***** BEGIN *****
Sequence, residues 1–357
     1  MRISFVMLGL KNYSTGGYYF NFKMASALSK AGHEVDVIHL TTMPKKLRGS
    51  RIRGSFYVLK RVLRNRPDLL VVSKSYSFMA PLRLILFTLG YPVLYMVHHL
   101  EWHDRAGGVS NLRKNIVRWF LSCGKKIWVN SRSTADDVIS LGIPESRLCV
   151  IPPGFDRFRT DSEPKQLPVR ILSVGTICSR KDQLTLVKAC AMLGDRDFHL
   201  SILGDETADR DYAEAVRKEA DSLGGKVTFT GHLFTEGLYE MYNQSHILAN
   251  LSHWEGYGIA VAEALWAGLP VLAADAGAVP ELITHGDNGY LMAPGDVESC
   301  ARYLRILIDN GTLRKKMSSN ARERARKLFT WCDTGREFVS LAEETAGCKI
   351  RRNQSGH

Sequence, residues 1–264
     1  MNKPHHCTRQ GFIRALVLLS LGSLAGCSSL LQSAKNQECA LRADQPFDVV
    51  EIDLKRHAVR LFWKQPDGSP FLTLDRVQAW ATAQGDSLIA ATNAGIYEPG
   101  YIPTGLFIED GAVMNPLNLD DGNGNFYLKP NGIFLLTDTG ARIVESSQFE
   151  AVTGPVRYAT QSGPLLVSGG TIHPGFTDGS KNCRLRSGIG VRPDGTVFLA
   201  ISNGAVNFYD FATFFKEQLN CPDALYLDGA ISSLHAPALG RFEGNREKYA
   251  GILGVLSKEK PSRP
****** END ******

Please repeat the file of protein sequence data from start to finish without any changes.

Sequence, residues 1–357
     1  MRISFVMLGL KNYSTGGYYF NFKMASALSK AGHEVDVIHL TTMPKKLRGS
    51  RIRGSFYVLK RVLRNRPDLL VVSKSYSFMA PLRLILFTLG YPVLYMVHHL
   101  EWHDRAGGVS NLRKNIVRWF LSCGKKIWVN SRSTADDVIS LGIPESRLCV
   151  IPPGFDRFRT DSEPKQLPVR ILSVGTICSR KDQLTLVKAC AMLGDRDFHL
   201  SILGDETADR DYAEAVRKEA DSLGGKVTFT GHLFTEGLYE MYNQSHILAN
   251  LSHWEGYGIA VAEALWAGLP VLAADAGAVP ELITHGDNGY LMAPGDVESC
   301  ARYLRILIDN GTLRKKMSSN ARERARKLFT WCDTGREFVS LAEETAGCKI
   351  RRNQSGH

Sequence, residues 1–264
     1  MNKPHHCTRQ GFIRALVLLS LGSLAGCSSL LQSAKNQECA LRADQPFDVV
    51  EIDLKRHAVR LFWKQPDGSP FLTLDRVQAW ATAQGDSLIA ATNAGIYEPG
   101  YIPTGLFIED GAVMNPLNLD DGNGNFYLKP NGIFLLTDTG ARIVESSQFE
   151  AVTGPVRYAT QSGPLLVSGG TIHPGFTDGS KNCRLRSGIG VRPDGTVFLA
   201  ISNGAVNFYD FATFFKEQLN CPDALYLDGA ISSLHAPALG RFEGNREKYA
   251  GILGVLSKEK PSRP